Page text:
Posted by rmcclub on February 27th, 2011
He’s not clowning around
20167 Joel Hinks is branching out into street performing
Port aux Basques — He wears big shoes, a red nose, a colourful costume and makeup.
Most people know him as Jodo, but behind the mask and out of costume, he’s 37-year-old Joel Hinks, who was born and raised in Port aux Basques.
He likes to laugh and make people laugh, and he’s a registered clown with Clowns Canada.
But he hasn’t always been clowning around. Hinks spent three years at the Royal Military College in Kingston, Ont., and then worked for the military in communications.
Jodo was born when Hinks was 23 and working at Fort Frontenac, a military base in Kingston.
“We were out for tea one day when in rolled this clown on a unicycle making a big balloon animal for a colonel,” he laughed.
About a week later, the colonel invited Hinks over for dinner to meet his wife — the clown.
The colonel told Hinks he’d be a good clown. He was skeptical at first and not really interested.
“Anyway, off I go and I had dinner with him and Silly Sally — Janet Bentley,” he said.
“I’ll never forget her. I’ve got a picture of her in my clown box, so whenever I open it, it triggers me that that’s where I started.”
Hinks started going to clown troupe meetings once a week at a park in downtown Kingston where they’d share magic, ideas and jokes and perform skits.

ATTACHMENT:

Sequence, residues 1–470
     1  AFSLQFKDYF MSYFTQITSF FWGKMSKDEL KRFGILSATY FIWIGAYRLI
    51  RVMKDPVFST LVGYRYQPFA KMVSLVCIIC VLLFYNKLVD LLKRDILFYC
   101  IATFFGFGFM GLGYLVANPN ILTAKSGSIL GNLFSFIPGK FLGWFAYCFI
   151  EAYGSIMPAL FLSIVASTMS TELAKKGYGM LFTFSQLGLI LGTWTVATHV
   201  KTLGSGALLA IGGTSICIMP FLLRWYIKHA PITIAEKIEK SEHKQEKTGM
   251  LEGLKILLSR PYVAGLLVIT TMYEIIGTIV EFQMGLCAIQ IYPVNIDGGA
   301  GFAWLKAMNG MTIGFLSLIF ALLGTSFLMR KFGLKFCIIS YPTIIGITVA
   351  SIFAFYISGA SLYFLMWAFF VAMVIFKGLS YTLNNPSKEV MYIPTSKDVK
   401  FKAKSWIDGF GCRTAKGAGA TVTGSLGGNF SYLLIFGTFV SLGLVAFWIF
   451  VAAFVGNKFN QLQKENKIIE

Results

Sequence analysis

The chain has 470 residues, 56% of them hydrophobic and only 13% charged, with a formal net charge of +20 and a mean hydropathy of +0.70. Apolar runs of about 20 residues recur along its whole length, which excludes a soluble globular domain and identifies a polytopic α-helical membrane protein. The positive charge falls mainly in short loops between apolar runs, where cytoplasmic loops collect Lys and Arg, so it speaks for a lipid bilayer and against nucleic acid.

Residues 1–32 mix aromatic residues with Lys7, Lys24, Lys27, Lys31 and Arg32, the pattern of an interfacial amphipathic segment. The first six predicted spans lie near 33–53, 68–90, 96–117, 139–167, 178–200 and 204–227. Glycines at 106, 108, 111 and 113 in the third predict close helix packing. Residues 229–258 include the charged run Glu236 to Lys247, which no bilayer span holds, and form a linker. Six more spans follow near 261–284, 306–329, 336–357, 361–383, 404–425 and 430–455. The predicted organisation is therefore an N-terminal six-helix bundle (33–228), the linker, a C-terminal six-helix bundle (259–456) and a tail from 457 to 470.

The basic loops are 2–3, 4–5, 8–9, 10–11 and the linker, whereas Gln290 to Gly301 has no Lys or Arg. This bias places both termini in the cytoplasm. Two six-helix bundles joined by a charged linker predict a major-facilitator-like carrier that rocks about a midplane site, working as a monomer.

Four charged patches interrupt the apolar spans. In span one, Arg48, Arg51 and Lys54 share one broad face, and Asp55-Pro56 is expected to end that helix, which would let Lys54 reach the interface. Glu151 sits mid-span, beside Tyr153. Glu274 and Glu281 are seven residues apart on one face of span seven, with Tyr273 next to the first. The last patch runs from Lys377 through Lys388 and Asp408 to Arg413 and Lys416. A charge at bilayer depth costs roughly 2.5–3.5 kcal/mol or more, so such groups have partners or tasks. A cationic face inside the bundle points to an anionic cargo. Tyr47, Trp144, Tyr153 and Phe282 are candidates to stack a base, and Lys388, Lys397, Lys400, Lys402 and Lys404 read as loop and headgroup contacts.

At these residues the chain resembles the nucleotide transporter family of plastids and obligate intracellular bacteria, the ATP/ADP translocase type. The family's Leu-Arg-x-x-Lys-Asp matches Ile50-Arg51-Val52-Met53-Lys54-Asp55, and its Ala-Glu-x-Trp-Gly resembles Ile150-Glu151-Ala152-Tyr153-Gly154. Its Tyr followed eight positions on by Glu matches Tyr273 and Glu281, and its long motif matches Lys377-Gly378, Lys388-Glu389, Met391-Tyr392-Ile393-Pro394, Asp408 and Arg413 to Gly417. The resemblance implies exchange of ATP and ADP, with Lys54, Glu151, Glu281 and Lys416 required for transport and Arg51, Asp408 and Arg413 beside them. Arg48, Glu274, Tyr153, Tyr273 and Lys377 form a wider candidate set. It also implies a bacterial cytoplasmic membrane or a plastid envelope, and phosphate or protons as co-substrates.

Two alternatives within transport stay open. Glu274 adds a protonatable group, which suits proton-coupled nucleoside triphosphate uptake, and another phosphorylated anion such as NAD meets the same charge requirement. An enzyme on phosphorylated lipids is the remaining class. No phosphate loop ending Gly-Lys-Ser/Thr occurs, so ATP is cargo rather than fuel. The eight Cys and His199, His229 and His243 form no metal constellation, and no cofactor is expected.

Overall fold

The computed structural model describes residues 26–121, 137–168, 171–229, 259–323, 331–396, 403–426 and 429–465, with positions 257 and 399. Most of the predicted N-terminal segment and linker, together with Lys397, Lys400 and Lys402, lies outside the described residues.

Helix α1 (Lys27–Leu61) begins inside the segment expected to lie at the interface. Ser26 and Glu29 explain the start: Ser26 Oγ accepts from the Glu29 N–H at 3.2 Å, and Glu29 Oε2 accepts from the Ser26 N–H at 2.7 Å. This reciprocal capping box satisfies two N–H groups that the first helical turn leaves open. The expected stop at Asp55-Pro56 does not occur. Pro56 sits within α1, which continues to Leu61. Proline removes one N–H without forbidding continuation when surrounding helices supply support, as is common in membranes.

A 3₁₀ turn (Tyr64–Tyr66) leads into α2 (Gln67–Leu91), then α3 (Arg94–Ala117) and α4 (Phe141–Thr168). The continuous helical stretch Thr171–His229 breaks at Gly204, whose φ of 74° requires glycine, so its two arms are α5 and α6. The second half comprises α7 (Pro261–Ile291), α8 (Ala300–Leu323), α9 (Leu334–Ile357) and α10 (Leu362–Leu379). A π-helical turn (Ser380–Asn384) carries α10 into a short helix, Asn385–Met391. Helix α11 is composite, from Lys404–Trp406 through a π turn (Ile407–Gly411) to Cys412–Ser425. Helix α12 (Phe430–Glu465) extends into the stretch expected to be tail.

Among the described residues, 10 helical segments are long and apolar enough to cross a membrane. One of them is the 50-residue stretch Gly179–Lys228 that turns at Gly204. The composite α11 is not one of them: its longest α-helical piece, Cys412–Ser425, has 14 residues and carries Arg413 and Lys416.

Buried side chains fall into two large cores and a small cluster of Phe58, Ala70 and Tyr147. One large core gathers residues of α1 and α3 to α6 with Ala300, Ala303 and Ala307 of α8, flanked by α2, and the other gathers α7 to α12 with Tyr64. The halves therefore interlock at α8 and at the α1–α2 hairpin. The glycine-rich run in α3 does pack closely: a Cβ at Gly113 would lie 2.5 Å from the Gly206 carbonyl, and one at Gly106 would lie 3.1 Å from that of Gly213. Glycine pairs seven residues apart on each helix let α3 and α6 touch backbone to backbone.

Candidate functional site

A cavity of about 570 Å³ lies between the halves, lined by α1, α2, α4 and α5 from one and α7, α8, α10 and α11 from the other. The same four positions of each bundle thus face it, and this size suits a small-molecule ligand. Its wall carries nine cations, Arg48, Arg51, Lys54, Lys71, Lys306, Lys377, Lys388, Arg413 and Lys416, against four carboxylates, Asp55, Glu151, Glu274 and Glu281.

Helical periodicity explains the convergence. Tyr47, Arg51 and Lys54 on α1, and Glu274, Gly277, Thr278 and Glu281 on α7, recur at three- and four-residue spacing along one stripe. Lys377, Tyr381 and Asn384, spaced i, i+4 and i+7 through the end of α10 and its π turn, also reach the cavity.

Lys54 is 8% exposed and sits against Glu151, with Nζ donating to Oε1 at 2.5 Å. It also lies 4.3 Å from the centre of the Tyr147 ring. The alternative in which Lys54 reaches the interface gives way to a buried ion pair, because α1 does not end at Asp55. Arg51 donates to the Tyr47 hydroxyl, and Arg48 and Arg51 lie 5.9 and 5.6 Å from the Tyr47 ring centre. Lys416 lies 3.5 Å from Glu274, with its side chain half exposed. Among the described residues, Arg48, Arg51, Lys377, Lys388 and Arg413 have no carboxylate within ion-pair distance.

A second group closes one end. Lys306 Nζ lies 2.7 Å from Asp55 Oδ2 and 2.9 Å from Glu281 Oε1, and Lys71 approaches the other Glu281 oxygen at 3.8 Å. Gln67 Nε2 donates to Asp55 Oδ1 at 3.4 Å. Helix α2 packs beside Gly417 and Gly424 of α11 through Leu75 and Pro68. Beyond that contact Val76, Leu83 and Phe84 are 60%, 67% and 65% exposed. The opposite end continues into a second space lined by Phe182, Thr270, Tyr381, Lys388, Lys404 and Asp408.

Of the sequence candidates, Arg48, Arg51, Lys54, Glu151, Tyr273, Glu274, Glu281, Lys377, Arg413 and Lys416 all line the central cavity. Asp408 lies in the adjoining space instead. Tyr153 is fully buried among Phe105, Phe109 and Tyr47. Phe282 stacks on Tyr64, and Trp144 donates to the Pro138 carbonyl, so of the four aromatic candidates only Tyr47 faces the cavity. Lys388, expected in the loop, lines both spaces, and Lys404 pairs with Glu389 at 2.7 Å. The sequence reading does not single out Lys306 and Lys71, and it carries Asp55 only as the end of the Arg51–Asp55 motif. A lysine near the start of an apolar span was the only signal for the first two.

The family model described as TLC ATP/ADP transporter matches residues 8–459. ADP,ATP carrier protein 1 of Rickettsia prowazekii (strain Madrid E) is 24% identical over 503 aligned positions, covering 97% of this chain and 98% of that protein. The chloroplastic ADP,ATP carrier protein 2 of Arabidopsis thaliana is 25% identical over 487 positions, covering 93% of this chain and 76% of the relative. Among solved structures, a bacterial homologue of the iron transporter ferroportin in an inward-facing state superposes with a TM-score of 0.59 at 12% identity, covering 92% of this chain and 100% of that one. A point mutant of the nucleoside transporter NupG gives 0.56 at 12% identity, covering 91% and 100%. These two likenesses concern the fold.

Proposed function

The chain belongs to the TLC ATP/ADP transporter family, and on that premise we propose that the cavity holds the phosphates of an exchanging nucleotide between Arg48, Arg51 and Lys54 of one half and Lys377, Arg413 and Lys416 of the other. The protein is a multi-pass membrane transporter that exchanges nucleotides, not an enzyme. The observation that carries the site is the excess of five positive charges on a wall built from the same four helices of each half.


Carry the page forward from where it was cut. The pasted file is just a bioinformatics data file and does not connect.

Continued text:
People looking to become certified as a clown attend clown carnivals in the summer.
“It’s school,” said Hinks. “You show up every morning at eight o’clock, have your coffee and you start classes.”
Your homework includes juggling, magic, puppetry, mime and ventriloquism.
These days, Hinks works with a tape recorder. He carries one with him all the time, and when he sees something funny, he records it.
“If your brain isn’t working like that, you’ll never make it in this world,” he said. “You can’t just stop thinking.”
Not all clowns are created equal, either. Hinks is known as an Auguste clown, which is characterized by over-the-top makeup and exaggerated movements.
“Silly, bumbling, can’t get anything to work right for him, and the laughs are always on him,” he said of his clown persona.
“I’ll do a magic trick — it’ll go wrong. Everybody will laugh and say, ‘You messed it up!’”
Of course, it’s all planned.
When Hinks left the military and moved back to Port aux Basques, he hung up his clown nose and put everything in storage.
But he wasn’t really finished. When a friend asked him to do a birthday party, he obliged, and after that it was non-stop for about a year.
“I’d like to be Jodo the clown 24 hours a day, seven days a week, until the day I die,” said Hinks. “It’s not a job. It’s a life. I love it. … There’s no other world like it.”
Unfortunately, clowning is an expensive proposition and the gigs can be irregular, which is why Hinks would like to expand his act to include street performance.
He has a new character in development named Jabber Joe.
“Your typical street performer will pull out a chainsaw, juggle it, juggle bowling balls, jump on a unicycle and eat some fire,” he said.
“(Jabber Joe) is a suave, smooth-talking street performer daring to try anything to get an audience reaction.”
Hinks is planning to take his show on the road in May, to Corner Brook, Stephenville, St. John’s and Halifax. Source